The IAEA Publishes a Preliminary Report of Its Fact Finding Mission for Fukushima

The International Atomic Energy Agency (IAEA) has published a preliminary
summary of their fact-finding mission to three nuclear power stations affected
by the earthquake and subsequent tsunami. The original document can be found
here.

Some of the key findings include:

  • “Hydrogen risks should be subject to detailed evaluation and necessary mitigation systems provided.”

    This refers to how it is believed that hydrogen entered Unit 4, which has experienced spent fuel pool heating, but was on shutdown for maintenance at the time of the incident. It is now believed that ductwork shared between Units 3 & 4 provided a pathway for hydrogen generated by Unit 3 to enter Unit 4 and reach dangerous levels. This means that this possibility must be investigated in other plants that share these design aspects, and sytems to vent any buildup of hydrogen must be devised. The hydrogen buildup warrants a careful look at hydrogen venting capabilities for any plants that could suffer from the same design flaw.

  • “The tsunami hazard for several sites was underestimated. … Defence in depth, physical separation, diversity and redundancy requirements should be applied for extreme external events, particularly those with common mode implications such as extreme floods.”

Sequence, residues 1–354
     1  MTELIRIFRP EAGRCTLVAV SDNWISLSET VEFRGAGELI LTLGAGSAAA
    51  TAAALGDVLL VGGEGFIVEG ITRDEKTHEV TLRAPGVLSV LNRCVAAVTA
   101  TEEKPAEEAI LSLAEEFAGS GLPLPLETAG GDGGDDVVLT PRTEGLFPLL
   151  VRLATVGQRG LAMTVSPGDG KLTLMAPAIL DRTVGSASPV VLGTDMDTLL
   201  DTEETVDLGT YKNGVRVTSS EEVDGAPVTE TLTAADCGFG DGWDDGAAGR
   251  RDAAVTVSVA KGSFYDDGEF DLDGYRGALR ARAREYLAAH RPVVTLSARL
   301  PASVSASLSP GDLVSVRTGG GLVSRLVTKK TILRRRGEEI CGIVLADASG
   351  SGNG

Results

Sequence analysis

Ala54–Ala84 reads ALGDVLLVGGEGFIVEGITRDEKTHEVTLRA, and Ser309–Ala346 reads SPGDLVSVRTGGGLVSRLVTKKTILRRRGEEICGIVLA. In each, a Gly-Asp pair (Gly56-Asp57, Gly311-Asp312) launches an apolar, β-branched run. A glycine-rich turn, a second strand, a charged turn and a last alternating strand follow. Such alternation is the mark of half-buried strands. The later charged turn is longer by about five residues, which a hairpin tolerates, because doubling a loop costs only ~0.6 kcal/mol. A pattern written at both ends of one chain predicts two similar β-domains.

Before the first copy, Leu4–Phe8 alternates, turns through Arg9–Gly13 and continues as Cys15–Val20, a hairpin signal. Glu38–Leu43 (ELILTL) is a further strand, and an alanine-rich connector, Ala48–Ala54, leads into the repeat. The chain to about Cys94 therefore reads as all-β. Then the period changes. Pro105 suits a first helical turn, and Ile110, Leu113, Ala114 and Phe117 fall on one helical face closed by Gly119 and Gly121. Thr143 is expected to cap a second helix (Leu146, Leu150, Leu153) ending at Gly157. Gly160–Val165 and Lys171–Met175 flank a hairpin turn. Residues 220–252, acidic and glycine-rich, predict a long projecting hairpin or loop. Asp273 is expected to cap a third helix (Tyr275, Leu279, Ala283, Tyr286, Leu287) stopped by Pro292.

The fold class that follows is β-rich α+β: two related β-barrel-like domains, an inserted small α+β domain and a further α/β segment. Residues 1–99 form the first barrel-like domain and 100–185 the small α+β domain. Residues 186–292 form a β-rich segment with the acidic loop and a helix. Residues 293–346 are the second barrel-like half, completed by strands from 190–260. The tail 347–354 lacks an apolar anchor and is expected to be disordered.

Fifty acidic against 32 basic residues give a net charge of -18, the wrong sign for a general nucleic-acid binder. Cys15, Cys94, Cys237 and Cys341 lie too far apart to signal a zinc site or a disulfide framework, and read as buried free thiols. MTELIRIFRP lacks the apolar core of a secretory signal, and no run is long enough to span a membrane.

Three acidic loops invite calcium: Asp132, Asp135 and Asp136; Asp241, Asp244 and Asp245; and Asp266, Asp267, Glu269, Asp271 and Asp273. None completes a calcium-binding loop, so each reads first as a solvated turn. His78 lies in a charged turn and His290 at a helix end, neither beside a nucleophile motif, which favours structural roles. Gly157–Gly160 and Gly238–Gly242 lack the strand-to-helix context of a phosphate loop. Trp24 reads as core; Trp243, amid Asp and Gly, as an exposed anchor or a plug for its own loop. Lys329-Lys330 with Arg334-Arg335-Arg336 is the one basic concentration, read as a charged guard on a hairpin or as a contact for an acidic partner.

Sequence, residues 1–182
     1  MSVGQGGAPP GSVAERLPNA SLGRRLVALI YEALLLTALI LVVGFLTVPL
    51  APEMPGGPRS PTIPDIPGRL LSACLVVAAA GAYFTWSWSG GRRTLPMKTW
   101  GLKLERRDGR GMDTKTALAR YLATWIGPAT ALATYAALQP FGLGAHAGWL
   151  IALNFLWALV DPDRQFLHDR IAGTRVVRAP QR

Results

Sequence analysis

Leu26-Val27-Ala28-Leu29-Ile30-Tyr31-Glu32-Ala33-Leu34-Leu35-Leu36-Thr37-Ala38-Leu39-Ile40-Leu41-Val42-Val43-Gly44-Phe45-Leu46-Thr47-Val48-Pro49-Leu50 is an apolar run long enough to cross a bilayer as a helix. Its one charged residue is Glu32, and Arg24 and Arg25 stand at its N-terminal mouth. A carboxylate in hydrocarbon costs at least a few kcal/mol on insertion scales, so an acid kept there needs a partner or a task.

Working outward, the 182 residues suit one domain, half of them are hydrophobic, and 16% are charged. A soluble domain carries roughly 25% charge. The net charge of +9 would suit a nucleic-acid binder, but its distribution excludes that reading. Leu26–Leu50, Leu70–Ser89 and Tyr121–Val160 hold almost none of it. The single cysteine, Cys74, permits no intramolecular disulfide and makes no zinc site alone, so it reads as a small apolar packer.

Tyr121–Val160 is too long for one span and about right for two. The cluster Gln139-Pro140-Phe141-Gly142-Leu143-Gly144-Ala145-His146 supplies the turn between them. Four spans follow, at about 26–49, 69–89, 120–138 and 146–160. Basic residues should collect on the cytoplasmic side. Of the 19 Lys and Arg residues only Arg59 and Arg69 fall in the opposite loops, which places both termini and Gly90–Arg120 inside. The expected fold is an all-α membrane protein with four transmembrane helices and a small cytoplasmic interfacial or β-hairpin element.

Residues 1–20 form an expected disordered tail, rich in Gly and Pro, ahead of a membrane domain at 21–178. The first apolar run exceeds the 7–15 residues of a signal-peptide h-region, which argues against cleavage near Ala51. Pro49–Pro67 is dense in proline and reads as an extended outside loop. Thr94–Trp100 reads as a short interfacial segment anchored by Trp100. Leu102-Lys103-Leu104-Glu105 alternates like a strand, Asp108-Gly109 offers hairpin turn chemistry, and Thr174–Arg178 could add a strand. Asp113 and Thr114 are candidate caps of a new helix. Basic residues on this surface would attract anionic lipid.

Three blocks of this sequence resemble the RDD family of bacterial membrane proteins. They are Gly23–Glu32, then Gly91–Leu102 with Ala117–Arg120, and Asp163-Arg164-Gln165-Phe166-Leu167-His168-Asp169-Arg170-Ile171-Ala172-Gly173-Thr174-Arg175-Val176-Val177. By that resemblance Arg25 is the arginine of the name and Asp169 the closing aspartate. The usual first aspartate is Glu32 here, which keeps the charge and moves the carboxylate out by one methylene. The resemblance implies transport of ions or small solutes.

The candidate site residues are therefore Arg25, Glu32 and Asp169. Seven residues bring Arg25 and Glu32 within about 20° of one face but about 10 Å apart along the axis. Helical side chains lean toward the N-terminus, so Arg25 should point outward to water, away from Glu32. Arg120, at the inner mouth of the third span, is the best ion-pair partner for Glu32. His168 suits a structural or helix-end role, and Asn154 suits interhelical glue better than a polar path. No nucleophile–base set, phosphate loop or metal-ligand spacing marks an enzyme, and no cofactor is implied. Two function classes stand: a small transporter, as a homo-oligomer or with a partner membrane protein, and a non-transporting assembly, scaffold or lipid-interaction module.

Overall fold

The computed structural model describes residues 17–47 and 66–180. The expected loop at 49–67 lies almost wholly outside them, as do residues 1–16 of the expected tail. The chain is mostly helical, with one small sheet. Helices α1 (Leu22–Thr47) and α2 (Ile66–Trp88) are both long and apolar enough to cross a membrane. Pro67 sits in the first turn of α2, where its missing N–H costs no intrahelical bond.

Two terms in this point require some explanation. The first, “Defence in depth,” refers to having multiple, redundant, diverse and independent safety systems in place, especially in the case of a single incident that can affect many systems, known as a “common mode” incident. “Common mode” refers to thefact that one incident (such as the tsunami) can disable many safety systems at once. Nuclear power stations will have to be re-analyzed to ensure that, within reason, no single incident or chain of events can disable enough safety systems
    to cause a major malfunction.

  • The IAEA mission urges the international nuclear community to take advantage of the unique opportunity created by the Fukushima accident to seek to learn and improve worldwide nuclear safety.

    The IAEA uses this opportunity to call for the world to learn from the Fukushima incident, in order to improve safety of all other nuclear plants. They see this as a learning opportunity, and there is indeed much information to be acquired by analyzing the situation as it develops.

This entry was posted in Fukushima. Bookmark the permalink.